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What Data Science Platform Suits Your Organization’s Needs?

This summer, my Amalgam Insights colleague Hyoun Park and I will be teaming up to address that question. When it comes to data science platforms, there’s no such thing as “one size fits all.” We are writing this landscape because understanding the processes of scaling data science beyond individual experiments and integrating it into your business is difficult. By breaking down the key characteristics of the data science platform market, this landscape will help potential buyers choose the appropriate platform for your organizational needs. We will examine the following questions that serve as key differentiators to determine appropriate data science platform purchasing solutions to figure out which characteristics, functionalities, and policies differentiate platforms supporting introductory data science workflows from those supporting scaled-up enterprise-grade workflows.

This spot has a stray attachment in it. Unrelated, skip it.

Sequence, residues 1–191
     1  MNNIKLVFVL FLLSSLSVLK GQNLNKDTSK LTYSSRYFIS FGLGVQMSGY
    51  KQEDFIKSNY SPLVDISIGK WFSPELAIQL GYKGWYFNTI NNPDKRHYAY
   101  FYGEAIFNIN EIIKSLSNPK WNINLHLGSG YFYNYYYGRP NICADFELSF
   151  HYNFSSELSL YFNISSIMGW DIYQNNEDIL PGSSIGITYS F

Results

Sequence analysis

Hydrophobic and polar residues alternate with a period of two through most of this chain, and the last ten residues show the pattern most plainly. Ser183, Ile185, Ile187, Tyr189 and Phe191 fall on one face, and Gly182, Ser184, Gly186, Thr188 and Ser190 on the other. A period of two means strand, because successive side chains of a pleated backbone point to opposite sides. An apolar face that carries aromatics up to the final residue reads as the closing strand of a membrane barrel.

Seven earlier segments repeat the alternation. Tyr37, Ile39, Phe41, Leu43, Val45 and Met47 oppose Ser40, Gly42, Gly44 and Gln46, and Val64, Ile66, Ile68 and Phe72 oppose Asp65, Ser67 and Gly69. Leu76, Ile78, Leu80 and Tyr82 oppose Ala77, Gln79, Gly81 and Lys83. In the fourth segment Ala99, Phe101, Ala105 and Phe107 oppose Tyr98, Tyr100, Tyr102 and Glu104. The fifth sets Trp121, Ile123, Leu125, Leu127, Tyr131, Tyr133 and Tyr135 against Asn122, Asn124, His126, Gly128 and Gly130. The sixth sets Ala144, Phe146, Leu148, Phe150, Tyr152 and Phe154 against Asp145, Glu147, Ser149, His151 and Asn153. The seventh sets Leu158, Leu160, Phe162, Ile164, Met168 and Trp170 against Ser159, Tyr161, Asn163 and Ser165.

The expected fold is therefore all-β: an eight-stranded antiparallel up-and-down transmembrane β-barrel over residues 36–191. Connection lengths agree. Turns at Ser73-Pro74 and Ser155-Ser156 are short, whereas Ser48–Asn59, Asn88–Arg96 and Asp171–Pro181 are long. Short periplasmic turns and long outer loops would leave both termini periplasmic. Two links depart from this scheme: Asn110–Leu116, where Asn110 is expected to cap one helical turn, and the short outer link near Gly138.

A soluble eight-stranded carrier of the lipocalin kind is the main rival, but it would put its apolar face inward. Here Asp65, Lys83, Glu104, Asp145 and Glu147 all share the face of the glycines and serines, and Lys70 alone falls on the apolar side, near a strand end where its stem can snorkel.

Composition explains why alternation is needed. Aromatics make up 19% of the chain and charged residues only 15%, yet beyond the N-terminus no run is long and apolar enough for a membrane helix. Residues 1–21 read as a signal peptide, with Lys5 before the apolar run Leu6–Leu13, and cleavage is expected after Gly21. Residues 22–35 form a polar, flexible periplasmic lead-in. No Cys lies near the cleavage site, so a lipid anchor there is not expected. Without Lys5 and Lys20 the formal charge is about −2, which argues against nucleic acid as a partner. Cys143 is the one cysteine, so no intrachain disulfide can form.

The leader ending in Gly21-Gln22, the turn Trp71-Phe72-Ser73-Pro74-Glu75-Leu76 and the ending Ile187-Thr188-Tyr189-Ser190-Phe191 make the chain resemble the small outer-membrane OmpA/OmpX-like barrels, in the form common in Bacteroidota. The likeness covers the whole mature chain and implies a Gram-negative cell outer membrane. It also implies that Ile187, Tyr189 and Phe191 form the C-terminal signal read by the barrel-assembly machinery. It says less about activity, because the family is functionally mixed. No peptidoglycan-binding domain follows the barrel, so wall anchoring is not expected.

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Domino Debuts Data Science Framework

Domino Model Management

On May 22, Domino held its first Analyst Seminar in advance of its Rev conference for data science leaders. Domino provides an open data science platform to coordinate data science initiatives across enterprises, integrating data scientists, IT, and line of business.

At the Analyst Seminar, Domino introduced its Model Management framework: five pillars supporting a core belief that data science best practices involve data science not just being a siloed department or team, but that its resulting models should drive the business. For this to be possible,  all relevant stakeholders across the enterprise will need to buy into data science initiatives, as this will involve changes to existing business process in order to take advantage of the knowledge gained from data science projects.

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Alter(yx)ing Everything at Inspire 2018